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in Ethiopia full of the bodies of dead locusts. The poison generated in both cases is the same ; the difference is merely in the degree of its potency. Nature with her burning sun, her stilled and pent-up wind, her stagnant and teeming marsh, manufactures plague on a large and fearful scale. Poverty in her hut, covered with her rags, surrounded by her filth, striving with all her might to keep out the pure air and to increase the heat, imitates Nature but too successfully; the process and the product are the same, the only difference is in the magnitude of the result. Penury and ignorance can thus, at any time and in any place, create a mortal plague.1

Dr Southwood Smith has been accused of ignoring the fact that those suffering from fever can communicate the disease to others-of “infection," as it is called. But he did not. He shows, on the contrary, that the atmosphere of a room such as that spoken of in the passage just quoted must have the power of inducing fever in others besides the patient. He even says that "the poison formed by the exhalations given off from the living bodies of those affected by fever is by far the most potent febrile poison derived from animal origin.”

1 Treatise on Fever, p. 324.

Then, it might be asked, of what consequence is it to insist on the disease being non-contagious ? If fever-patients can give fever to others, it is a mere matter of words whether you choose to call it “contagious” or “ infectious.

It is, however, of the utmost consequence to fix the attention on the difference; because, if that is done, the real seat of the danger will be clearly seen, and those whose duty it is to enter the rooms of the sick will know that their danger rarely lies in touching the patient, and may be prevented by abundance of fresh air and scrupulous cleanliness.

In order to emphasise this side of the truth my grandfather wrote as follows (and, though it may seem to require qualification, the general truth of his remark will be admitted by all) : “No fever produced by contamination of the air can be communicated to others in a pure air — there never was an instance of such communication.”

The form of poison given off from a fever patient is, besides, not so much to be feared as other forms of that poison, because, though it is potent, it has not a wide range; when let out into the fresh air, it is so far diluted that its power is reduced to a minimum.

An epidemic, he asserts, can only arise from some cause sufficient to affect a whole district. Continually we are brought back to observe this universal cause of fevers; to see that, whether in the sudden falling off of an army to half its numbers, or in the prostration of a whole ship's crew on approaching shore, or in the plague devastating Cairo, this one source may be traced as the true one. Bad air comes from the marsh near which the army is stationed; bad air, poisoned by decaying vegetation, comes off shore to the ship; bad air enters the houses of Cairo. We are shown that Cairo is the birthplace of the plague, because it is a city crowded with a poor population ; because it is built with close and narrow streets; because it is situated in the midst of a sandy plain at the foot of a mountain, which keeps off the wind, and is therefore exposed to stifling heat; and, above all, because it has a great canal which, though filled with water at the inundation of the Nile, becomes dry as the river gets lower, and thus emits an intolerable smell from the mud and from the offensive matter that is thrown into it.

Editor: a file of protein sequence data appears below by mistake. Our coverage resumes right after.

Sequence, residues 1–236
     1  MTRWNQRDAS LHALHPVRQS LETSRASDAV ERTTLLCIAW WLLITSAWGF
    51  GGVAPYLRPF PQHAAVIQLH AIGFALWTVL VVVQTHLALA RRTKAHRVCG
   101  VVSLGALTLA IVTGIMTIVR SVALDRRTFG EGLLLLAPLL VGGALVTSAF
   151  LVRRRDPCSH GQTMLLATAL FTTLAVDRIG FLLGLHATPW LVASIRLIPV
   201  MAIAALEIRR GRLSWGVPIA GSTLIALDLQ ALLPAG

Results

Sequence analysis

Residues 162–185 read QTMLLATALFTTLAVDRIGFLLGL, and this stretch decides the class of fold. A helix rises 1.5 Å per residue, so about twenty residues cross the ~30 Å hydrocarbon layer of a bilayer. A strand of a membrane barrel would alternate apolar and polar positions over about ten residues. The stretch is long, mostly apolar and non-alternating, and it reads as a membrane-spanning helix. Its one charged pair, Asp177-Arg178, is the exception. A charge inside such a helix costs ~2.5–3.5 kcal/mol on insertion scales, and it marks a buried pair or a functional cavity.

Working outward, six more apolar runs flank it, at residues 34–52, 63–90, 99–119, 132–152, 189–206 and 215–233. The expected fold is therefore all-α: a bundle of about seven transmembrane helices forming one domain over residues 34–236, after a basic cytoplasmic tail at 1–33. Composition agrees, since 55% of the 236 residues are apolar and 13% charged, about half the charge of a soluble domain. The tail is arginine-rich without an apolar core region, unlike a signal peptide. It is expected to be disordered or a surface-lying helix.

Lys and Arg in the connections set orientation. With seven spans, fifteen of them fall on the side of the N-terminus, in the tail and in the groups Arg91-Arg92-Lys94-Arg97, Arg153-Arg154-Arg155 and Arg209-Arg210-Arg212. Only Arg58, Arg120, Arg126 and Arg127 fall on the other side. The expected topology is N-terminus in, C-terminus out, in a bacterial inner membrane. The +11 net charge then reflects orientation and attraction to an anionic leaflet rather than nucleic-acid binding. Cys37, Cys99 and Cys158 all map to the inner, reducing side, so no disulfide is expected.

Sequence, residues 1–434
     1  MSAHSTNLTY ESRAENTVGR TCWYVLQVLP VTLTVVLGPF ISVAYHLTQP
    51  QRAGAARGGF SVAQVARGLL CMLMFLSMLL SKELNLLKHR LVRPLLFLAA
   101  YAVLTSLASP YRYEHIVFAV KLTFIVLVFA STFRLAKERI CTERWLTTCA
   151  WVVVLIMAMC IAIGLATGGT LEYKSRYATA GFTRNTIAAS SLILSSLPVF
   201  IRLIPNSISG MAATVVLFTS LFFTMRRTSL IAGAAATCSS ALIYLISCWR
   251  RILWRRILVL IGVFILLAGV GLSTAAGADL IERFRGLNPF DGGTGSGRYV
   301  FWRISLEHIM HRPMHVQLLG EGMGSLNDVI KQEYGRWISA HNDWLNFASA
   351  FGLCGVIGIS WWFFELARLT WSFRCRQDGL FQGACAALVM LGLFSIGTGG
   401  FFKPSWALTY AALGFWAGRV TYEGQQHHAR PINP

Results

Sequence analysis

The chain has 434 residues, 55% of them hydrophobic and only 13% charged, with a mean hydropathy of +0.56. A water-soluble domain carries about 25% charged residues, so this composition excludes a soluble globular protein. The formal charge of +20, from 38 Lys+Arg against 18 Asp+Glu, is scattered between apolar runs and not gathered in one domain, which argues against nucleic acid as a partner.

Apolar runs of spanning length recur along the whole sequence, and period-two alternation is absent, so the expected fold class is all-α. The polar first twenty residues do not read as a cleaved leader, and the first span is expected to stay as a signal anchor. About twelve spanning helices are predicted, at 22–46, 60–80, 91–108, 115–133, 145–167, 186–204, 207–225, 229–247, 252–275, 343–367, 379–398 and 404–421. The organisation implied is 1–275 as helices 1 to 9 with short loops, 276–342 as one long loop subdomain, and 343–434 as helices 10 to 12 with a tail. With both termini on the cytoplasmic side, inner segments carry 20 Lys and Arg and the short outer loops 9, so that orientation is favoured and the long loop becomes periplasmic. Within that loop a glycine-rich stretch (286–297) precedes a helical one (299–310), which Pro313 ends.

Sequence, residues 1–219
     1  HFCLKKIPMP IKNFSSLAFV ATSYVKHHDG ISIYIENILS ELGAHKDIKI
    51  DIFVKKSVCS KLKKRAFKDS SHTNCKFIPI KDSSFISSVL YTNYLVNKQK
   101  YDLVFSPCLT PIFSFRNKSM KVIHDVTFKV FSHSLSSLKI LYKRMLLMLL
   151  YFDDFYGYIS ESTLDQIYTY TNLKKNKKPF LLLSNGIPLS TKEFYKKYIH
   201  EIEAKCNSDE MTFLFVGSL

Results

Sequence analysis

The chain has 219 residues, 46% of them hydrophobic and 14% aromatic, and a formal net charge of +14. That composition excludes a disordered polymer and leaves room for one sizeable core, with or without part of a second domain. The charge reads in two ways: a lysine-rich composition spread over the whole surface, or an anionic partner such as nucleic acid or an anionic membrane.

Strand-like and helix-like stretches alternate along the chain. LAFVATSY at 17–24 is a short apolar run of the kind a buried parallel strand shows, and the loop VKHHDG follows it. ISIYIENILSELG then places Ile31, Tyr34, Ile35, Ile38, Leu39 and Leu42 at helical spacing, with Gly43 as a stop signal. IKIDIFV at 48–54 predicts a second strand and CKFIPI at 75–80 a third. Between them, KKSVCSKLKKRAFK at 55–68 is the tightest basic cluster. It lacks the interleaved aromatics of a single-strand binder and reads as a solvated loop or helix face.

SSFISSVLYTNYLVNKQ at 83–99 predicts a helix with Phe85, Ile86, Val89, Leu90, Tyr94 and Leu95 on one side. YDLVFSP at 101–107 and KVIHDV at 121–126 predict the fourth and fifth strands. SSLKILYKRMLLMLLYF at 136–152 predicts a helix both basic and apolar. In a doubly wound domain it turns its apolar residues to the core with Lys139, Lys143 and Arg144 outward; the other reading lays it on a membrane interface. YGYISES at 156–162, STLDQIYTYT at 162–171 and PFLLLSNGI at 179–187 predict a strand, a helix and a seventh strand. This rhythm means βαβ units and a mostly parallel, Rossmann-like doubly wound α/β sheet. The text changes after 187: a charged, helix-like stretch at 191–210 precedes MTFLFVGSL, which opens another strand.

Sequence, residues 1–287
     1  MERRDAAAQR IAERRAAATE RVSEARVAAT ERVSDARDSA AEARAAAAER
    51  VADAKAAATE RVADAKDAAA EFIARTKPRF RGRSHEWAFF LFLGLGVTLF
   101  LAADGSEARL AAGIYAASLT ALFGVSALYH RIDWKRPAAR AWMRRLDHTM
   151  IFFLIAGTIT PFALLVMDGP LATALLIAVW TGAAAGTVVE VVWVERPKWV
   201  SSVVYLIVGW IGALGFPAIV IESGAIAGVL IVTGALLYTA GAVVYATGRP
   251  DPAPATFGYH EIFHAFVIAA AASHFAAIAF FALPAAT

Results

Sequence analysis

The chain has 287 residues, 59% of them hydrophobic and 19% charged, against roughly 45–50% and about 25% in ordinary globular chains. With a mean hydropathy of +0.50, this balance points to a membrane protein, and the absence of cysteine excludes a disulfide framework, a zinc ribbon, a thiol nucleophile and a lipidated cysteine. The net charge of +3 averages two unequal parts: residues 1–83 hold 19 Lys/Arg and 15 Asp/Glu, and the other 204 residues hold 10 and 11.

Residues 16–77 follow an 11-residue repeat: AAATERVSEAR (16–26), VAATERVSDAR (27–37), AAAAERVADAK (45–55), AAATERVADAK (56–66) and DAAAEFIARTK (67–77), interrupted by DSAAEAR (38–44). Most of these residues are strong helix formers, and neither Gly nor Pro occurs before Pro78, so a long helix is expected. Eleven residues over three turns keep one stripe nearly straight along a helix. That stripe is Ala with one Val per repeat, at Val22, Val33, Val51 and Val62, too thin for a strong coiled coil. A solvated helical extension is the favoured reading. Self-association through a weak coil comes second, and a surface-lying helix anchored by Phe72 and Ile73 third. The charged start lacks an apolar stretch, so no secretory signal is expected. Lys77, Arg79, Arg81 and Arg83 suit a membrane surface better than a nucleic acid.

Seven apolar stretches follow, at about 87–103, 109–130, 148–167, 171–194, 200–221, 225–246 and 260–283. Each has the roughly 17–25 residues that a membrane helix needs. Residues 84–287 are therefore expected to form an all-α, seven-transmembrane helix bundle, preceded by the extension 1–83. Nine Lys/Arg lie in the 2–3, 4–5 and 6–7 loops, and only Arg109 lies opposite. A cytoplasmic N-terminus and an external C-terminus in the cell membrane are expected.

Besides being thus shown that, in all places in which epidemics appear, some sanitary defect may be found, we are shown that they come back and back to the same places, and that, if these defects are removed, the epidemics will not return. So we are led on to the great idea that they are preventible.

The facts advanced to prove these principles have not, of course, the wide range, the distinct statistical exactness, of those which the further progress of sanitary science has now enabled people to bring forward ; but it is very interesting to see how all further advance has been but a development of the principles brought forward in this · Treatise on Fever,' just as it was itself but a development of those brought forward five years before. Hardly any investigations had yet been made, but the results which research would bring to light are here foreshadowed. Even the direction which such research would take is indicated, for we are told, at the end of the chapter which treats of the “Causes of Fever," that,

as,

“Further inquiries are necessary

such whether the vegetable and animal poisons we have been considering be the only true, exciting cause of fever;? by what means its general diffusion is effected ; on what conditions its propagation depends; by what measures its extension may be checked and its power diminished or destroyed ; what circumstances in the modes of life, in the habits of society, in the structure of houses, in the condition of the public streets and common sewers, in the state of the soil over large districts of the country as influenced by the mode of agriculture, drainage, and so on, favour or check the origin and propagation of this great curse of civilised, no less than of uncivilised, man.”

Not a mere article or book contained the result of such inquiries. They occupied the greater part of his life, and that of many others. Their outcome is the present state of sanitary knowledge.

If some people think there was nothing new in the view of epidemics insisted on in this

1 Modern investigations have proved, for instance, that contaminated water or milk will produce an epidemic as well as contaminated air. But all these poisons arise from bad sanitary conditions.-G. L.

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